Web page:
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Posted on Mar 01, 2017

I have now arrived at my last host for my exchange! I have moved in with the Osmans and for members that were around in 2013 the twins Liz and Mary Jo came on exchange to Tasmania staying six weeks over the Agfest period, so with faces that I had meet before, and with their parents Bill and Wanda.

Bill and Wanda have built a truck conversion business up over the past couple of decades; creating moulds for backs of trucks. He came up with the idea after a job he had was driving trucks from the west coast of the USA to mid USA, he figured that after they had been used for the long haul trips then people, mostly farmers would then want the trucks but the sleeper cab takes up lots of room so cutting this off and replacing with a day cab would be more use for farmers.

So trucks are brought in to the workshop as a sleeper can and in a week later they can be driven out as a day cab. The business makes all these backs of the cabs to go on these trucks. It has even got big now that they have a franchise in Canada and also sell the kits around America where people can do their own conversions.

During my time with the Osmans I was able to help out with the warehousing part of the system where Liz and I were packing orders up ready to be shipped out and some that they were doing for stock. So after a couple of weeks of building conversion kits and suspension kits I knew lots more than when I walked in to the business. Mary Jo helped a little in the warehouse but was mainly learning the office procedures. 

During my time with the Osmans I also was able to visit some more Sioux Falls scenery that I hadn't got to yet which included the catholic cathedral which refurbished a few years ago which restored a lot of the old architecture and also enchanted it as well. Wanda and I got to the local meat locker (mini abattoir) where we saw beef coming through on the line and packed in to individual lines, and it was also during deer seasons and a really good one at that with three semi trailers full of deer carcass in the parking lot ready to be cut and packaged.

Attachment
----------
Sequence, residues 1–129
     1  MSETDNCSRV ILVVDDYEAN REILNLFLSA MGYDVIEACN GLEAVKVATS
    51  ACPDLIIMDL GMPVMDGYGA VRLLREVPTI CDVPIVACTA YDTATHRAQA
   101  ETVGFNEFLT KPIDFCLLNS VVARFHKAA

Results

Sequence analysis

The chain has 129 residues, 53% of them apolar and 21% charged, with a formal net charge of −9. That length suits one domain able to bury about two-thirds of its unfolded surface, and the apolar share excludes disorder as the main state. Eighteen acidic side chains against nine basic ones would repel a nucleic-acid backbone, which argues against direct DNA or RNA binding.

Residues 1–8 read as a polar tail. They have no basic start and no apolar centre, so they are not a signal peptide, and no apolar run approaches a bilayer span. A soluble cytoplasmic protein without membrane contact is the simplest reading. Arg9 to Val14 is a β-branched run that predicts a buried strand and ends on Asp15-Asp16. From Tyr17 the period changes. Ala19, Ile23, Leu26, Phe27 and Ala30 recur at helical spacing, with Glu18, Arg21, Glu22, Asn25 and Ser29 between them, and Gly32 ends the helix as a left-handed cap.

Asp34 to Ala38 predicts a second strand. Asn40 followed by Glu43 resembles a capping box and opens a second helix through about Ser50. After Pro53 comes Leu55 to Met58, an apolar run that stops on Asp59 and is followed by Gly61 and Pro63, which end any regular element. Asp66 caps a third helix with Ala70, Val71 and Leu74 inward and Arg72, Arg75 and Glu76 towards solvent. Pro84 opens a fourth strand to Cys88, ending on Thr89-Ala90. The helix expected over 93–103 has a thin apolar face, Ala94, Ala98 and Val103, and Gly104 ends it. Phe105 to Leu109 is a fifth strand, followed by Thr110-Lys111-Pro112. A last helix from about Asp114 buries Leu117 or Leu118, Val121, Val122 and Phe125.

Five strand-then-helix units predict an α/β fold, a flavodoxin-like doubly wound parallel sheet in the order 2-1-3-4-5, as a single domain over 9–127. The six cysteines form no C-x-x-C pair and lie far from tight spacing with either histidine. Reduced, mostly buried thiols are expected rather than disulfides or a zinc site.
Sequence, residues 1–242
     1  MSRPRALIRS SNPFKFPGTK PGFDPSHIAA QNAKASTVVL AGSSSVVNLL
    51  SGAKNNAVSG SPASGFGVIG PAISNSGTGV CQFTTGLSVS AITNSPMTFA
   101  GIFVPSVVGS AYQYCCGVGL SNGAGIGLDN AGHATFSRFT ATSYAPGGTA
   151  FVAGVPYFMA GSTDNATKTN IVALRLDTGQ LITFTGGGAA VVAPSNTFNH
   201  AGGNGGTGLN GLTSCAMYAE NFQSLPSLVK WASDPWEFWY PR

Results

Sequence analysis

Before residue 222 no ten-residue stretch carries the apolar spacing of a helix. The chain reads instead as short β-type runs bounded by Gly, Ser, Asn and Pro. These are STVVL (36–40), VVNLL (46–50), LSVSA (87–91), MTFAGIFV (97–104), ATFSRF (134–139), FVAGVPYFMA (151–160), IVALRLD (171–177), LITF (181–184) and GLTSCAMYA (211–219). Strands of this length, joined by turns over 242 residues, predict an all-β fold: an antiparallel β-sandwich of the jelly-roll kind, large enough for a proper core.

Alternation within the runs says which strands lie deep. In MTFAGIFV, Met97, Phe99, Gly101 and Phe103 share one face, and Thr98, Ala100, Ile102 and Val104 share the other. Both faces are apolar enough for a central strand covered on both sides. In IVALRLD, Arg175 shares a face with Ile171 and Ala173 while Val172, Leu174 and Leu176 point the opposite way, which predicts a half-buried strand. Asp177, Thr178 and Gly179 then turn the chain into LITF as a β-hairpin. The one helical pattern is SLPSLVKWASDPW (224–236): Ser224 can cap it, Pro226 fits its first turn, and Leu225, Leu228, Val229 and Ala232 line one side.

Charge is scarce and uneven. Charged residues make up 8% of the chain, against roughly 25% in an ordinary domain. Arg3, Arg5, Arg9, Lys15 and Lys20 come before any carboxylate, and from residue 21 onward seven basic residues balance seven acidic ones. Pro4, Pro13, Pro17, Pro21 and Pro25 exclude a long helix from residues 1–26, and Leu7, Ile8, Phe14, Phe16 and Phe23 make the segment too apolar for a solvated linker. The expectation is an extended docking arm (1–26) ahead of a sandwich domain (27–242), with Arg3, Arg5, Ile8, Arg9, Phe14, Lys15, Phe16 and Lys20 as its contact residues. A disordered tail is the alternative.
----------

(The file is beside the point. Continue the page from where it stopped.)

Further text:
Alan the USA coordinator based in South Dakota was able to arrange to take me up to South Dakota State University (SDSU) for a day where we saw cheese being made - other days ice cream, talking about Australian and American dairy systems and then a tour of the dairy farm. A great day to see what happens in what's know to be the best dairy university in the county.

I also accompanied the girls to other activities that they had on, a really good look about. One particular was the Christmas parade and unlike us was held at 7pm at night which is obviously dark so it is a lights decorated parade which looked amazing!

I left the Osman's on the 9th of December which was the end of my exchange but am continuing on with some personal travel in Canada and the UK where I am planning to meet up with some past exchanges that I have hosted over the past 13 years, so a bit of catching up to do. Some life long friends amongst past exchangees! 

This will concluded my updates from my exchange, on just a last note, if you are thinking about how fun an exchange could be now is the time to start thinking and chatting to your boss about some time off and saving some cash. Most employers will be happy to work with you to have a solution while your away as the experience you have while your away will enhance you as a person.

I would like to thank Betta Milk for being the naming rights sponsor of this exchange, for Rural Youth being the organiser and my employer for giving me such an extended perm of time off in the busiest period of the year, it has been an amazing six months on exchange with its ups and downs but I have come out a different person.

On return beck to Tasmania I would really love to share my experiences with you and your club or club outside of Rural Youth, so please contact me on and I look forward to telling you more about my time in the USA .